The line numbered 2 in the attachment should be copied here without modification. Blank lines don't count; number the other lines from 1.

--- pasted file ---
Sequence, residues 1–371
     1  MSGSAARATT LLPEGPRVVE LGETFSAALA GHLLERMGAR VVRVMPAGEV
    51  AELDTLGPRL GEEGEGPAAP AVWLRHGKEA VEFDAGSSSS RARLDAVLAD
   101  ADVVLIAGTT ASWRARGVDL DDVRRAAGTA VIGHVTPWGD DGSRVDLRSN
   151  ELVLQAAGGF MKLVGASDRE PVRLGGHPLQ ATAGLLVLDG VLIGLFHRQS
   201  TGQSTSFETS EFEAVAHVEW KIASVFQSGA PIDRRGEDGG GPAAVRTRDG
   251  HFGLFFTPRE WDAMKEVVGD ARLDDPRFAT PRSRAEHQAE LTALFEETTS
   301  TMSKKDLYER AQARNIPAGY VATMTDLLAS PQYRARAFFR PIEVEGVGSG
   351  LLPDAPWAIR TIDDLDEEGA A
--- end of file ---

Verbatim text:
     1  MSGSAARATT LLPEGPRVVE LGETFSAALA GHLLERMGAR VVRVMPAGEV